Looking back: Drinking from public cups is banned and women’s hosiery collected for gun powder bags
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EAST IDAHO — EastIdahoNews.com is looking back in time at what life was like during this week in east Idaho history.
This week is Jan. 10 to Jan. 16.
RIGBY — Beginning in 1911, the “public drinking cup in Idaho became a thing of the past,” The Rigby Star wrote on Jan. 12, 1911.
The state board of health made a ruling that discontinued the use of “public or common drinking cups” on all railroad trains, in railroad stations, hotels, stores, public and private schools, state educational institutions and other institutions of the state of Idaho.
“It is also hereby ordered that conductors and trainmen see that drinking glasses are removed from all cars upon entering the state, and not replaced until after leaving the borders of Idaho.”
The paper added, “The Grey News company will arrange to supply newsagents with an aluminum collapsible cup to be sold for 15 cents which can be procured by passengers desiring the same.”
PRESTON — Women’s hosiery was needed for gun powder bags, according to The Preston Citizen’s Jan. 14, 1943, newspaper.
“The government has issued an urgent bulletin for all women regarding the gathering of nylon and silk hosiery that has been discarded,” the article states.
It said the material is “exceedingly valuable” for gun powder bags to be used in the shells of the large guns.
Local dry good firms were gathering centers for the hosiery. Large containers were set up inside the stores for the public to place these items.
“Cooperation of every housewife is asked by the local store managers to bring in all of Preston’s salvageable hosiery as soon as possible,” The Preston Citizen mentioned.
POCATELLO — A Pocatello resident was building bomb shelters for people who were interested, the Idaho State Journal reported on Jan. 15, 1951.
“Is it or is it not a laughing matter?” the paper asked.
“Most persons still think it is a laughing matter,” the builder, E. G. Wright, said. “We haven’t had any orders from here, but we did put one up for a rancher about 50 miles out.”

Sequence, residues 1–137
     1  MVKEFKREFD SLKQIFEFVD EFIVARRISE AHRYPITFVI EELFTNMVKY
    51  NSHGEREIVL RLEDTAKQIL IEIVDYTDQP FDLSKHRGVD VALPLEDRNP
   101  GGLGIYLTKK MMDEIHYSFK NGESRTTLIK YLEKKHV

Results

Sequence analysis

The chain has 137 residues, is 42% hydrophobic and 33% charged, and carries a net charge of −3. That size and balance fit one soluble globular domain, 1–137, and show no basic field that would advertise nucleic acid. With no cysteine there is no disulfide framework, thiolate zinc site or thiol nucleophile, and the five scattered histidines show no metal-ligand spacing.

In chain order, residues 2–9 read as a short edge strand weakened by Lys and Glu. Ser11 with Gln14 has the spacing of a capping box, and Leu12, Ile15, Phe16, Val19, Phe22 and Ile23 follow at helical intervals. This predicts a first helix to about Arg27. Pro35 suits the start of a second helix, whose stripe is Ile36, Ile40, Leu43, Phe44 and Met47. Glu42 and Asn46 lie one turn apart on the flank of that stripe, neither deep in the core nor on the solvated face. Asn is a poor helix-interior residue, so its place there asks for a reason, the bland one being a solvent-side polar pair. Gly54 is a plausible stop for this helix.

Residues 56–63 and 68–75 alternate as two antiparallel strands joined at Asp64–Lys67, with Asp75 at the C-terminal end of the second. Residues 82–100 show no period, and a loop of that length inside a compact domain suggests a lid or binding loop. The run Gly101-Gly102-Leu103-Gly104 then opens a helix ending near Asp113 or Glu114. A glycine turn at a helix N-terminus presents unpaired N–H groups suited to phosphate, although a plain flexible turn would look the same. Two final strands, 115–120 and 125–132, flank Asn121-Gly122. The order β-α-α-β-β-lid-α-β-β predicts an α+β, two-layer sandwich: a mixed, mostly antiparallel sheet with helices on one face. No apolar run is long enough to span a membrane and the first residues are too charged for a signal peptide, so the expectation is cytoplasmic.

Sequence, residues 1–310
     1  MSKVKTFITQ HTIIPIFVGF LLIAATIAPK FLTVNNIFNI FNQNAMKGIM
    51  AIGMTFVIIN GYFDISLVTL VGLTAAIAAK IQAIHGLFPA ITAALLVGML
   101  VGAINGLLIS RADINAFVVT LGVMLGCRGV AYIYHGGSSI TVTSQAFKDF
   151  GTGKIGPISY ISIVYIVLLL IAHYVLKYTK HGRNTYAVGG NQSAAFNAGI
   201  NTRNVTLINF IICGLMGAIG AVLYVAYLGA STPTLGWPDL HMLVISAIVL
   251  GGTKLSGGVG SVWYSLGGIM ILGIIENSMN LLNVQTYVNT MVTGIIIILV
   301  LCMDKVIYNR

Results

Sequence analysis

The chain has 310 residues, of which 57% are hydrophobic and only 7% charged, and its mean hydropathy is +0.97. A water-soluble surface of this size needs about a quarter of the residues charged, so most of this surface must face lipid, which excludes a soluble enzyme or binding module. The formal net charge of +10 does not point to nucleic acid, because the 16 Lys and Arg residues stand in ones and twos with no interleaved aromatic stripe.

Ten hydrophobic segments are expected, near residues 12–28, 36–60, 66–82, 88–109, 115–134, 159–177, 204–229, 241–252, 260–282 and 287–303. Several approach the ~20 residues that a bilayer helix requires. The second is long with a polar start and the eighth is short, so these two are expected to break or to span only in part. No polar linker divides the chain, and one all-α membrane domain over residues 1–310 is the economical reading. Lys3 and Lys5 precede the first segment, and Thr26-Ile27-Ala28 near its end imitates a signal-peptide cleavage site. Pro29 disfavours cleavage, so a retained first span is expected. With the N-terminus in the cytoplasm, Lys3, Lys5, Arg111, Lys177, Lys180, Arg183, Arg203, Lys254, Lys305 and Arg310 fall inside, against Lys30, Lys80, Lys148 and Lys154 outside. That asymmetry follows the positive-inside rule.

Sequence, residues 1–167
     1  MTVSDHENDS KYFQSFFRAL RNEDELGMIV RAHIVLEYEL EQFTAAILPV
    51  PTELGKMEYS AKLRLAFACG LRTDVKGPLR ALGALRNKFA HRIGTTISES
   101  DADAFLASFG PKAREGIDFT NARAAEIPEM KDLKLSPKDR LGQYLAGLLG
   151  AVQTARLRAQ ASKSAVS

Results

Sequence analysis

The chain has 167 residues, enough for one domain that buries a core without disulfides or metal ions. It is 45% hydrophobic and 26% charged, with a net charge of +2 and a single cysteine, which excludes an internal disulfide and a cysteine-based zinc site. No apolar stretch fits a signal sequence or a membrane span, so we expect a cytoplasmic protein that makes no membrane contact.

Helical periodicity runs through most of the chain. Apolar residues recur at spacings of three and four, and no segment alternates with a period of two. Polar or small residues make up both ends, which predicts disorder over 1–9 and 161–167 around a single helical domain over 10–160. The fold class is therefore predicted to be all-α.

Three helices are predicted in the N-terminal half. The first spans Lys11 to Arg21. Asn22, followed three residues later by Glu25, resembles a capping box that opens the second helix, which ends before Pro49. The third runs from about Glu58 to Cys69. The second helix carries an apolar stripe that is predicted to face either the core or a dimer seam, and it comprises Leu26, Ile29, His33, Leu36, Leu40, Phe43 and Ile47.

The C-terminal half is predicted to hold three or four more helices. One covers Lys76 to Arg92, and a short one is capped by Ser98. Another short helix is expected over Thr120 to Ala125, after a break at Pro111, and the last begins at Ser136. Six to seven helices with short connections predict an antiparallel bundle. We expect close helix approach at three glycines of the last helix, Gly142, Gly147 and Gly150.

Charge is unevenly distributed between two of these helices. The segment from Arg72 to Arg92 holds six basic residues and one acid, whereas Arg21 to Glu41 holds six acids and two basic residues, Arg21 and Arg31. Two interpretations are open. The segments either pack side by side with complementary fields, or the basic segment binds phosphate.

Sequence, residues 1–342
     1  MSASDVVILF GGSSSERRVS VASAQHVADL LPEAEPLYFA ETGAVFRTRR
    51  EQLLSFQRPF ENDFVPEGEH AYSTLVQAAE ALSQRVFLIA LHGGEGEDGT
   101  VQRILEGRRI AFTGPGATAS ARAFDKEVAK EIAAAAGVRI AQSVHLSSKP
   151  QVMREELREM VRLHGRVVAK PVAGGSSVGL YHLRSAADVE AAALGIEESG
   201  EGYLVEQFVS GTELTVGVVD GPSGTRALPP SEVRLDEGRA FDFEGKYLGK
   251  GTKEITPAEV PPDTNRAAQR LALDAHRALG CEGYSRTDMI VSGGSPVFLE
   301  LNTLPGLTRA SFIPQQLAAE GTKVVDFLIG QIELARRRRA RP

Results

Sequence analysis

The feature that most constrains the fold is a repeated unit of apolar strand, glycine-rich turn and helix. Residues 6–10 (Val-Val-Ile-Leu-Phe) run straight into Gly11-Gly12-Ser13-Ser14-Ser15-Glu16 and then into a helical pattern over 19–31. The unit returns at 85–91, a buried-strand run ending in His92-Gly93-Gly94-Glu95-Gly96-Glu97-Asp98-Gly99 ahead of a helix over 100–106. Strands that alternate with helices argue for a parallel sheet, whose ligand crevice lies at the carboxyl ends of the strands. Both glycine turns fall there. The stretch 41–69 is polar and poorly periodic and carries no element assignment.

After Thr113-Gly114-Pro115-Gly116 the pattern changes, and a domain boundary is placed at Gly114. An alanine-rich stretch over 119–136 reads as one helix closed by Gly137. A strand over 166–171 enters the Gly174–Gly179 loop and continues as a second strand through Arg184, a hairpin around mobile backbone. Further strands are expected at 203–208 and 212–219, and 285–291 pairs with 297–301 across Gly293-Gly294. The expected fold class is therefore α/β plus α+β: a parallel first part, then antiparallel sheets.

Wright said he cut that customers bomb shelter into the side of a mountain. The customer was using it for storage purposes.
“During the last war, I designed shelters for the government, and the firm I worked for built several large ones in the east,” Wright explained.
He said his shelters were built of reinforced concrete, which was three independent walls, one inside the other.
“A bomb hit, of course, would crush the first wall, maybe crack the second, but leave the third, the inner one, undamaged,” Wright told the paper. “And you’re inside the third, so you too, are undamaged.”
POCATELLO — The body of one of two Pocatello hikers who’d been missing for four days was found, the Idaho State Journal reported on Jan. 13, 1976.
The body was dug out of an avalanche at the head of Papoose Creek after observers in an airplane spotted a dog that accompanied the men, the Bannock County Sheriff’s Office said.
David Hudson, 31, and Tom Drake, 29, were the two men who were missing. The men didn’t return home after what was supposed to be a morning hike to Indian Peak. Authorities hadn’t announced whose body was found by the time the paper was printed.
“The winds were too drastic yesterday for a helicopter,” Mike Thompson, former vice commander of the Bannock County Search and Rescue Patrol, said. “There’s a very high avalanche danger today.”
No snowmobiles or horses were sent to the area “for fear of triggering an avalanche.” Infrared photography equipment was being brought in from Mountain Home to help with the search.
The golden retriever dog was reportedly alive at the time it was found. Hudson was married and had a son who was about a year-and-a-half old. No information about Drake’s marital status was available.